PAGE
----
NOTE: Blimey! is no longer being updated. Please visit for the latest updates about my comics work.

Wednesday, July 30, 2014

The more things change...

...the more they remain the same. Last week I blocked the option for people to post anonymous comments to my blogs in order to prevent abusive trolling and the numerous spam messages I get. 

I said at the time that if it inconvenienced genuine visitors to my blogs then I'd have a rethink. Unfortunately some of you were inconvenienced because you prefer not to sign up with Google or the other similar accounts. I appreciate that, so a solution was needed.

I've given this some thought and one other option would be allow anonymous comments but with a CAPTCHA where you type in a code so Blogger knows you're human. This is a great way to prevent spam, which as I said last week, was the main problem. 

However, I don't like CAPTCHA. I find it adds even more inconvenience to commenting, especially when sometimes you have to do it twice. (But if other blogs want to use it, fair enough of course.) 

So... I've decided to go back to how things were before. People can choose to log in if they wish, or go anonymous if they wish. Although I'd prefer if you added your real name to any anonymous comments please. So Steve, Gareth, anyone else who preferred the old way; feel free to comment again if you wish.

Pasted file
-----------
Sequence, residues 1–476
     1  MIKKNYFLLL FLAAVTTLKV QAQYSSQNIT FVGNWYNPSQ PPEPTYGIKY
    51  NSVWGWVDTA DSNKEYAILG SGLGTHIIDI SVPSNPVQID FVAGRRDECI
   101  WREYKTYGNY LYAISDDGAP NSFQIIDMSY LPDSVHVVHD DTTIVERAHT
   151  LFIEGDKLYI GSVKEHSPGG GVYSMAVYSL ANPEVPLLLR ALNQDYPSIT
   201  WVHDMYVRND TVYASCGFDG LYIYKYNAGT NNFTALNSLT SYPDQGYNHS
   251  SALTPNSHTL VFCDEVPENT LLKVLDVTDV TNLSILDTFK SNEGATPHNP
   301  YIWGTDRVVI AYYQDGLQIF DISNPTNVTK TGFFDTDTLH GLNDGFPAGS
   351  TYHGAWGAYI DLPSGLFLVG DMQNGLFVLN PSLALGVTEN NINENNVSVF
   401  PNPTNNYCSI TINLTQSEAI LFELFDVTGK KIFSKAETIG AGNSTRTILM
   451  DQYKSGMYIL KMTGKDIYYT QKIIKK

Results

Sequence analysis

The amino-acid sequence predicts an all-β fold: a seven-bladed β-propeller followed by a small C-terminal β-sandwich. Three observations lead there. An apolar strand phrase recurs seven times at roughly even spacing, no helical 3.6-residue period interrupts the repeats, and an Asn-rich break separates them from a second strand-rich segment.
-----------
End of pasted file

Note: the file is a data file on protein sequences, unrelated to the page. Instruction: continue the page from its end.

Obviously this means the daily spam will be back, and the occasional trolling, but there are worse things to deal with in life than spambots and cowards.

One other thing; I've noticed that some people multi-post the same comment, presumably because they don't see it appearing on my blog straight away. I always have moderation enabled, so you have to wait until I'm back online before I can pass them for publication. It's the only way to stop spam being published here. 

Anyroad up. Business as usual. Carry on commenting! 

Angry Birds fly into newsagents

Today, Egmont UK launch a new monthly title, - Angry Birds Magazine, based on the hugely popular video game. Priced at £3.99 the first issue promises "puzzles, games and quizzes". From the advert shown here, there's originated comic strip in there too.

Angry Birds Magazine comes bagged with two posters, trading cards, a special game code, and a plastic slingshot. 

While it's good to see another publication for children on the stands, it's once again another sign of the times that it's based on a licensed brand with an emphasis on activities rather than enriching the imaginations of children with stories. I should point out though that writer Cavan Scott does say there is a narrative going through the magazine, so ABM isn't like other feature-based mags.

There have always been comics based on other media of course, from Film Fun to Sonic the Comic, but in those titles it was the stories that were the selling point. Activity pages are important for stimulating the logical parts of a child's mind of course, but a comic strip story can help children with their reading abilities and engross them in world where they can relate to the characters, and even learn about morality and integrity in a fun way.